Bush, for first time, cites threat of recession But downturn would be short-lived, he says

November 16, 1990|By New York Times News Service

WASHINGTON -- President Bush conceded for the first time last night that the country might face a recession, but he said his economic advisers did not believe a long and severe one was in the offing.

In an interview broadcast on the Cable News Network, Mr. Bush said, "Most seem to feel that if we have a recession, it will not be deep and that we'll come out of it relatively soon, six months at most, and I'd like to think that is true."

Most economists are saying the economy, if not in a recession now, is on the verge of one.

Mr. Bush seemed determined to present an optimistic view.

"I'd like to be a little reassuring on this economy," he said. "I am concerned about the slowdown. I worry about anybody that wants a job and doesn't have one. But I am not a gloom-and-doom person on where the American economy will be before long. And yet I don't want to mislead you, because I am concerned that we're in a downturn here."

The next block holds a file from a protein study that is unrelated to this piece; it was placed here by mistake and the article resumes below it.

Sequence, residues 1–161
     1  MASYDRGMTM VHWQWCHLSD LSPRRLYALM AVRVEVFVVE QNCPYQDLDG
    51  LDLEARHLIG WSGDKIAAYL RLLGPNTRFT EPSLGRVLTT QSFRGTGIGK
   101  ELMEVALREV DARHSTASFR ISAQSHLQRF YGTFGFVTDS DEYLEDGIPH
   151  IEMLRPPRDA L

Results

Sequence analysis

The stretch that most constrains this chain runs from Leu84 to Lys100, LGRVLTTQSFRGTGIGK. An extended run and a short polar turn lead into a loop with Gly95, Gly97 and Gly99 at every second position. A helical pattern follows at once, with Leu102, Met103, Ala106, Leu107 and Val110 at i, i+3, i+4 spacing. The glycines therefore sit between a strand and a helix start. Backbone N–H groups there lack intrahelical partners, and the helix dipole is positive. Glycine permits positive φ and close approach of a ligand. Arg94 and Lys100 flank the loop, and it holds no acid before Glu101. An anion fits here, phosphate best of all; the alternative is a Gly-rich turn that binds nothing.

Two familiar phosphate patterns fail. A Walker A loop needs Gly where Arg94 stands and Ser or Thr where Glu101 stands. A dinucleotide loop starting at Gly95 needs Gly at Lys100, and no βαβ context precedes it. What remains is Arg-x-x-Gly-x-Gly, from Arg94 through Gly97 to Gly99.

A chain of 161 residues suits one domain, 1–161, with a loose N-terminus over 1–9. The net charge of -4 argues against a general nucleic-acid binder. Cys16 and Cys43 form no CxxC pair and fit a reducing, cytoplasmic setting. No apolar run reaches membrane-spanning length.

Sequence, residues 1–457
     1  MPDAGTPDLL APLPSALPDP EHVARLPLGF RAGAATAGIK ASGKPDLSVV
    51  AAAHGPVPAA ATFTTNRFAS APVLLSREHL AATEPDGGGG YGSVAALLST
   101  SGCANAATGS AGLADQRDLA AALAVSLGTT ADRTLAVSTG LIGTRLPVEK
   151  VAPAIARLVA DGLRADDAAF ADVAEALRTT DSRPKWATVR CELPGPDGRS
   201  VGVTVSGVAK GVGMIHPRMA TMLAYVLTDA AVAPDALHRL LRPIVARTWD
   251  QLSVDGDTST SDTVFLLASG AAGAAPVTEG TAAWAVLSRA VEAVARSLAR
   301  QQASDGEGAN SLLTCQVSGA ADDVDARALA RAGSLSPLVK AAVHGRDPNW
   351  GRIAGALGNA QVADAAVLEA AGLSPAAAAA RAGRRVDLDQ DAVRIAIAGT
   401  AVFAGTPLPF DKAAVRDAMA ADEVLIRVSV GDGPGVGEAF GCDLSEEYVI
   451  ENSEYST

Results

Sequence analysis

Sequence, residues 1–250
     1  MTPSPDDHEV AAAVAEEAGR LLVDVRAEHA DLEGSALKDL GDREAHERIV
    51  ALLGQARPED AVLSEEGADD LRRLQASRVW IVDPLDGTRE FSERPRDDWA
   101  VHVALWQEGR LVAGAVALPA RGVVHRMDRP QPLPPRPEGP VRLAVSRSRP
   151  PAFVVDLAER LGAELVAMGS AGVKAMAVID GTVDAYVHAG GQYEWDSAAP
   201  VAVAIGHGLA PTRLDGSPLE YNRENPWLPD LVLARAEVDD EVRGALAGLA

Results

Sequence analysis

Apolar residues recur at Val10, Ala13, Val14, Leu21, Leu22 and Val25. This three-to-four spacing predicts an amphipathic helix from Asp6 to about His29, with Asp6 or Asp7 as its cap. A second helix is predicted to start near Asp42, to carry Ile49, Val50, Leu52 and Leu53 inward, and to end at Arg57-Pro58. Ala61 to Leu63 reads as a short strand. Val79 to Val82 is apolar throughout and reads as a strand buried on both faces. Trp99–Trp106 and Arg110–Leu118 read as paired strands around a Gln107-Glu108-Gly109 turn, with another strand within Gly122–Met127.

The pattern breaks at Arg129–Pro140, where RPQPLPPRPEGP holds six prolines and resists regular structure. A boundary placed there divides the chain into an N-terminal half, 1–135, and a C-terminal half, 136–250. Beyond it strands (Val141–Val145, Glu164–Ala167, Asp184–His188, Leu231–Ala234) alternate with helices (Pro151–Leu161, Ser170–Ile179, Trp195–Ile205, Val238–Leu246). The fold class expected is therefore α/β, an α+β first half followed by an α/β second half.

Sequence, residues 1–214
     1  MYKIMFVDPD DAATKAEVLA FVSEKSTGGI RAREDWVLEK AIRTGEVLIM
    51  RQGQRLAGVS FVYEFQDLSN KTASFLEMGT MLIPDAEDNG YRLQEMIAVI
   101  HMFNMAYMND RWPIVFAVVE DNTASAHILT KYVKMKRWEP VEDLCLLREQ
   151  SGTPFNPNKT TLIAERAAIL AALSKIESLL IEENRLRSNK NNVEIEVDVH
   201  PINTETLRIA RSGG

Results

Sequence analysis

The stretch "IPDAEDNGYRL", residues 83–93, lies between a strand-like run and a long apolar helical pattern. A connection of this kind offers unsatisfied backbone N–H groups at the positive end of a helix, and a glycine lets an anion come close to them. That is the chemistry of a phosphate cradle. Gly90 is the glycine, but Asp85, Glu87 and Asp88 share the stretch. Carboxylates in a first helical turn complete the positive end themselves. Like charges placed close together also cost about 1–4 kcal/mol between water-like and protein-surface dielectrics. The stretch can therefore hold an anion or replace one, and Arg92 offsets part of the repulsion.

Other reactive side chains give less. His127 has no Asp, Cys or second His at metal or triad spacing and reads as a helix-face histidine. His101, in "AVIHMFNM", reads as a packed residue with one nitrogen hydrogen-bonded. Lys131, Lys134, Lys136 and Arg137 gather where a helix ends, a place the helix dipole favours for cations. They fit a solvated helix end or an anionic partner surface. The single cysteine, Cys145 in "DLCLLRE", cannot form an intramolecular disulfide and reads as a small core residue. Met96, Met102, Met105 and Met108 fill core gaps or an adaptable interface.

The CNN interview came after Bush heard a gloomy assessment of the economy yesterday morning from a group of business executives.

Mr. Bush apparently got a forthright appraisal of the economy from the executives, including North Carolina banker John G. Medlin Jr., who said in an interview that he had told Mr. Bush the economy seemed to be "tilting toward a modest downturn."

Compared with the other nine executives at the meeting, Mr. Medlin said, "I was probably on the optimistic side."

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